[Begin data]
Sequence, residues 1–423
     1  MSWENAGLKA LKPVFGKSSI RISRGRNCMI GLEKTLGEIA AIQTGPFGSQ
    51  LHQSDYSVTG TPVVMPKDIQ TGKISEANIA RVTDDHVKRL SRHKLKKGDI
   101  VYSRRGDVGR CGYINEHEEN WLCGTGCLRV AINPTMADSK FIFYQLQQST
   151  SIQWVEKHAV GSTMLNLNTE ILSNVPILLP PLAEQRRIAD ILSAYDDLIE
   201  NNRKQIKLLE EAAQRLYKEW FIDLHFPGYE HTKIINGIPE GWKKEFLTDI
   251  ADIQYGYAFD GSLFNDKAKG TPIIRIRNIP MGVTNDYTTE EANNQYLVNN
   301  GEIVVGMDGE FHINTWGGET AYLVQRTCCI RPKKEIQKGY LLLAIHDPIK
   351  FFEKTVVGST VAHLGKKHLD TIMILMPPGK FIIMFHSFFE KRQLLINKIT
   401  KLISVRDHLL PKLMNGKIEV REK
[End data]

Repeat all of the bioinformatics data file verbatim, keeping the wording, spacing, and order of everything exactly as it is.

Sequence, residues 1–423
     1  MSWENAGLKA LKPVFGKSSI RISRGRNCMI GLEKTLGEIA AIQTGPFGSQ
    51  LHQSDYSVTG TPVVMPKDIQ TGKISEANIA RVTDDHVKRL SRHKLKKGDI
   101  VYSRRGDVGR CGYINEHEEN WLCGTGCLRV AINPTMADSK FIFYQLQQST
   151  SIQWVEKHAV GSTMLNLNTE ILSNVPILLP PLAEQRRIAD ILSAYDDLIE
   201  NNRKQIKLLE EAAQRLYKEW FIDLHFPGYE HTKIINGIPE GWKKEFLTDI
   251  ADIQYGYAFD GSLFNDKAKG TPIIRIRNIP MGVTNDYTTE EANNQYLVNN
   301  GEIVVGMDGE FHINTWGGET AYLVQRTCCI RPKKEIQKGY LLLAIHDPIK
   351  FFEKTVVGST VAHLGKKHLD TIMILMPPGK FIIMFHSFFE KRQLLINKIT
   401  KLISVRDHLL PKLMNGKIEV REK